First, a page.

From Empire Burlesque
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Her spinal column was fusing. Arthritis was clutching at her joints, balking every movement, filling it with pain. Her insides were a wreck, and had been for 40 years, after an unnecessary hysterectomy in the days when that operation was ordered for every mild form of "women's troubles."
Pain filled her mind as well, the bitter, implacable anger at a life gone wrong and now slipping away. Her husband had died. One son had lost his mind then died. Her life had been lived in servitude to others, from her girlhood slopping hogs on sharecropper farms to the middle-class treadmill of office work and motherhood to this wretched curdling in a dark house in a backwater town she'd always hated.
She had no appetite. Some days she forgot to eat until late at night, when she'd spoon a few bites of ice cream while watching re-runs on the channel she never changed because she didn't know how to navigate the cable system with its myriad choices. Pain in the body, pain in the soul; the pain of the past, the pain of the now; the pain of the future in the endless dark.
People tried to help: they did chores, ran errands, made repairs on the failing house. But for the most part, she rebuffed them. Her mind had been addled by a series of mini-strokes -- messing with her memory, confusing her checkbook -- but she remained competent enough to resist any effort to take control of her life and get her into a better situation. She would remain alone, aloof, untended in her bitterness and sadness and self-torment and affliction. Except for one person.
She had been raised in an isolated rural hollow so racist that the boys would go down to the crossroads and throw rocks at the railroad trains rattling past because the train company employed black men. The black midwife who'd brought her and all her many siblings into the world of sharecropper penury had to leave their house before sundown every day lest she be caught out after dark, when she'd be fair game to be attacked or killed.
But now, in her long, slow lacerating crawl toward the end, there was only one person she'd allow to help her, one person she trusted, one person she would let herself love: the "colored woman" who had cleaned for her each week for decades. In the 21st century, they re-enacted the old template of faithful black servant and benevolent white mistress. There was sincerity in the feelings that ran both ways, but perhaps what sealed the relation most firmly was the fact that the cleaner could alleviate her pain: she could obtain the illegal opioids that her employer required in ever greater quantities to dull the anguish of her living death.
She had legal prescriptions for the bodily degeneration that was devouring her: but these were a paltry balm, used up within days each month. The cleaner knew how to get more. Doctors bribed and wooed by gilded, respectable Big Pharma firms were throwing out prescriptions like V-E Day confetti. Pills were flooding the streets; if you needed them, and could pay, you could get all you needed. And you always needed more.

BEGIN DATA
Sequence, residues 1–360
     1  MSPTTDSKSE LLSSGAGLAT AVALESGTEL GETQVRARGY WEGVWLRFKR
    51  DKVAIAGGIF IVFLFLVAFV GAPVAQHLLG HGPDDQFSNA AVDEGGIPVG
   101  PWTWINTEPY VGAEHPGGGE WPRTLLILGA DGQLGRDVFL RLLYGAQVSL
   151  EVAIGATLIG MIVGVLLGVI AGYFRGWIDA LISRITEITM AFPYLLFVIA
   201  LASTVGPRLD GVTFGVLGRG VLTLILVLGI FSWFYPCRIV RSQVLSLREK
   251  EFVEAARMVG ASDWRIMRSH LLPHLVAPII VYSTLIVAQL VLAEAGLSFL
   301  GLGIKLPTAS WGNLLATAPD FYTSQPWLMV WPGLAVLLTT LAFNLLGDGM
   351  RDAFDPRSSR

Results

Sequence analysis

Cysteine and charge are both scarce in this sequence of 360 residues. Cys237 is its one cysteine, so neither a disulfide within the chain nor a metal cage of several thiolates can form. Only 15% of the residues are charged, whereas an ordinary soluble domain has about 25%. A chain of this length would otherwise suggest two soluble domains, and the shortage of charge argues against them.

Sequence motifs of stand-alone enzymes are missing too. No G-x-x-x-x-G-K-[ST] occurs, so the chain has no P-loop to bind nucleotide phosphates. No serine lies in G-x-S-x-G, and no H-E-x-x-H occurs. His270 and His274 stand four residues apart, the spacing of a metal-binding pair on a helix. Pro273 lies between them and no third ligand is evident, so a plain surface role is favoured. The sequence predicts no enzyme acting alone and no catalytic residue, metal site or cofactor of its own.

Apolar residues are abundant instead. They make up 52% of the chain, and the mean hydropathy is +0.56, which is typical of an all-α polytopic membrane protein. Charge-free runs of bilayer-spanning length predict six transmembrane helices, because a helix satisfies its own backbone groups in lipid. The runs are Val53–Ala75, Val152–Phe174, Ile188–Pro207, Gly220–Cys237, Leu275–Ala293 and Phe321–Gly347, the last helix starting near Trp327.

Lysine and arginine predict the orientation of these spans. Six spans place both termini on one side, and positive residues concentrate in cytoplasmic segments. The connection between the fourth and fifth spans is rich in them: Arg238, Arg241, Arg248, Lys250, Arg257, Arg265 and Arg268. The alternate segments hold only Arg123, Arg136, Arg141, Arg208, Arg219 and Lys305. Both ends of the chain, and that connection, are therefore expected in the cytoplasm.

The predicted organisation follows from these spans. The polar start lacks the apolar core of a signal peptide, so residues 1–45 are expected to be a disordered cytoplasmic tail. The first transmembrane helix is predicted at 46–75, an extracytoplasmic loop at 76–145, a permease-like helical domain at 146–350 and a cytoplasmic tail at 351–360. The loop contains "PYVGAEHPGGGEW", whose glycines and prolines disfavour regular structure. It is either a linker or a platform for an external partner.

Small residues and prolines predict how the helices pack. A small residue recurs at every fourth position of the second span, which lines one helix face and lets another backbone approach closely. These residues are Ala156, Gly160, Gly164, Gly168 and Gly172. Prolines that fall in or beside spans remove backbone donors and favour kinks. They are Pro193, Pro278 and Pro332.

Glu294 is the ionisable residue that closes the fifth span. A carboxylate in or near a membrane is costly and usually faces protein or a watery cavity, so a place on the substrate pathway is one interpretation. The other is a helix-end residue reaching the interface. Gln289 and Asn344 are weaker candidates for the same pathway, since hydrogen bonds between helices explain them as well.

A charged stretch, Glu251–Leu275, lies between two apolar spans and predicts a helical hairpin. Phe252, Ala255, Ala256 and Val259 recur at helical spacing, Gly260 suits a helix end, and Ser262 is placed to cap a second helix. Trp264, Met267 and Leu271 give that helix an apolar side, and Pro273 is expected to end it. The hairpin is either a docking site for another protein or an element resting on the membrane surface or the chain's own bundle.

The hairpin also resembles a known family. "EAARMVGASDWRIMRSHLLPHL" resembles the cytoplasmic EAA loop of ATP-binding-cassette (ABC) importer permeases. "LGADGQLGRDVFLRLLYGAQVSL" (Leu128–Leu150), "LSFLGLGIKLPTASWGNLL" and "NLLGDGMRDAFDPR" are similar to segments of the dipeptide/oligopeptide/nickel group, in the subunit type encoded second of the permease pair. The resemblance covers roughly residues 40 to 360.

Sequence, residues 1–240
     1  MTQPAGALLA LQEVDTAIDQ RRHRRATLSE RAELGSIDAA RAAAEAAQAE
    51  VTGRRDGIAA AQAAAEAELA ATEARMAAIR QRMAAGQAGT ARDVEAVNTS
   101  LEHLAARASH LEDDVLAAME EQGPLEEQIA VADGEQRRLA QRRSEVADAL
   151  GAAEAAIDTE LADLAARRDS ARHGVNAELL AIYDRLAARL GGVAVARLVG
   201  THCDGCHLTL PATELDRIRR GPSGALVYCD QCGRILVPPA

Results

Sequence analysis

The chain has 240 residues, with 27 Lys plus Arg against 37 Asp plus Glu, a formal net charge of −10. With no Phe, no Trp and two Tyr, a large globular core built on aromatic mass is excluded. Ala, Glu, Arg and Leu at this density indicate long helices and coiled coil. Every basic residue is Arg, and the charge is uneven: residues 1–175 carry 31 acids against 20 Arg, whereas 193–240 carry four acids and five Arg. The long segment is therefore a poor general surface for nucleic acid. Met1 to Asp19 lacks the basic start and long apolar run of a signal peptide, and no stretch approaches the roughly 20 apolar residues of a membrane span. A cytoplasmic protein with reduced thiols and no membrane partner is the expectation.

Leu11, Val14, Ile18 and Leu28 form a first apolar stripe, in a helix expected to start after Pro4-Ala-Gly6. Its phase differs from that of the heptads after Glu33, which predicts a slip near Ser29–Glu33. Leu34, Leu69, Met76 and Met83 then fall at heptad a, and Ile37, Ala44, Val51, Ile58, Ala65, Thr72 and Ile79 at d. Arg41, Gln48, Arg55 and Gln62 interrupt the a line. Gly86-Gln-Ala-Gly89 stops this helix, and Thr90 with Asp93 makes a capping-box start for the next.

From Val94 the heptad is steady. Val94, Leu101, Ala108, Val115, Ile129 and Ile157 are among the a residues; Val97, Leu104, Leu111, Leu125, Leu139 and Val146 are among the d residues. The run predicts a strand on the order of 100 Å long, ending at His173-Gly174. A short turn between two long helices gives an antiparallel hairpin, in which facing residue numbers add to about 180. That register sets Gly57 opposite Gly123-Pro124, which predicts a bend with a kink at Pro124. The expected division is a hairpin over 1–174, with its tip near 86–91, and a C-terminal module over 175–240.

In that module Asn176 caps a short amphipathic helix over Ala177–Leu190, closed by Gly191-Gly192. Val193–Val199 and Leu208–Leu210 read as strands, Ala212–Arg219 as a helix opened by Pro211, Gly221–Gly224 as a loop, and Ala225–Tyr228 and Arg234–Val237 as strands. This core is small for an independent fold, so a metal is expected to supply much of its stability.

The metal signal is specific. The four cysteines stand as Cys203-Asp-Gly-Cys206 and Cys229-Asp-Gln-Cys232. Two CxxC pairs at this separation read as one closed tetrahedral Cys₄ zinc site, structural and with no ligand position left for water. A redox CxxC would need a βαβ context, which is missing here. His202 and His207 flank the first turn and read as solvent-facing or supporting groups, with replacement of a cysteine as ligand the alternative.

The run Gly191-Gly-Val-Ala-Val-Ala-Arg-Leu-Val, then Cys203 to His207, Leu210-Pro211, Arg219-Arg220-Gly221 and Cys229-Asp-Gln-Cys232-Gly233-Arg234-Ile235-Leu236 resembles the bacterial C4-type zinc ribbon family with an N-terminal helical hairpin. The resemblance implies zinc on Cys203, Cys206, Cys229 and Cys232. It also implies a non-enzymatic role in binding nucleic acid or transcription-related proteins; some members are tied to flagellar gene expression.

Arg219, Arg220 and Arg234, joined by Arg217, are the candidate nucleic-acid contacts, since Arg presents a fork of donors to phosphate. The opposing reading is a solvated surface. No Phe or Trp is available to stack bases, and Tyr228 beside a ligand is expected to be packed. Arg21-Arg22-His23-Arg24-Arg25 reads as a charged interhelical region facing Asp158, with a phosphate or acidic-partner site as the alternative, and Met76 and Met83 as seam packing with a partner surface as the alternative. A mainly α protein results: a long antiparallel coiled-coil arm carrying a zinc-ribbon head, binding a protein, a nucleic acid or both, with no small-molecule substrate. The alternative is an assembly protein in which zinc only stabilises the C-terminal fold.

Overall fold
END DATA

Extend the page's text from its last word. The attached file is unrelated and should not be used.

Addiction took hold. Hallucinations followed. A spectral family had taken up residence in the basement , and beguiled her and bored her for hours on end with convoluted tales of their woes. Her grandson apparently came to visit on his way to Mexico, running from the law after beating up the senator he worked for in Wisconsin. Someone kept stealing her money. She was stuck on the roof and couldn't get down, and railed at anyone who told her she was safe in her bed.
Near-starved, undone, fallen on the floor, she refused to press the panic button she wore around her neck. Someone found her at last and took her to the hospital. She was de-toxed, came back to herself for a few brief weeks, pouring out the story of her painful life as she had never done before. She went out and had her hair done one last time -- then died.
She was a staunch Southern Baptist and a fanatical Democrat. A proud Confederate descendant who loved Obama and Michelle. A Bible-believer who spent her last happy day on earth with her gay hairdresser and his transgender partner, admiring the drag queen friends her granddaughter showed her on her phone. ("Oh, how pretty! I wish I had those legs.") A woman of passion and ambition thwarted by religion and convention and her own personal damage, who lived the empty middle-class dream and died as a dope addict killed by corporate drug pushers. A sharecropper's daughter, a little girl rising in the pre-dawn darkness to break the ice on the trough so the hogs could drink.
Who can tell us what it means to be an American? Who can untangle all these threads that bind us without and strangle us within? I say damn to all savvy analysis, all reductive categories -- and damn to every profiteer of blood and pain.
She refused to have a funeral. No service, no family, no goodbye. She told her two remaining sons to take her ashes to the ocean, to Myrtle Beach, where she'd been a newlywed. We took her miles out to sea and there we poured her out, in waters that belonged to the whole world.
(My latest column for CounterPunch Magazine.)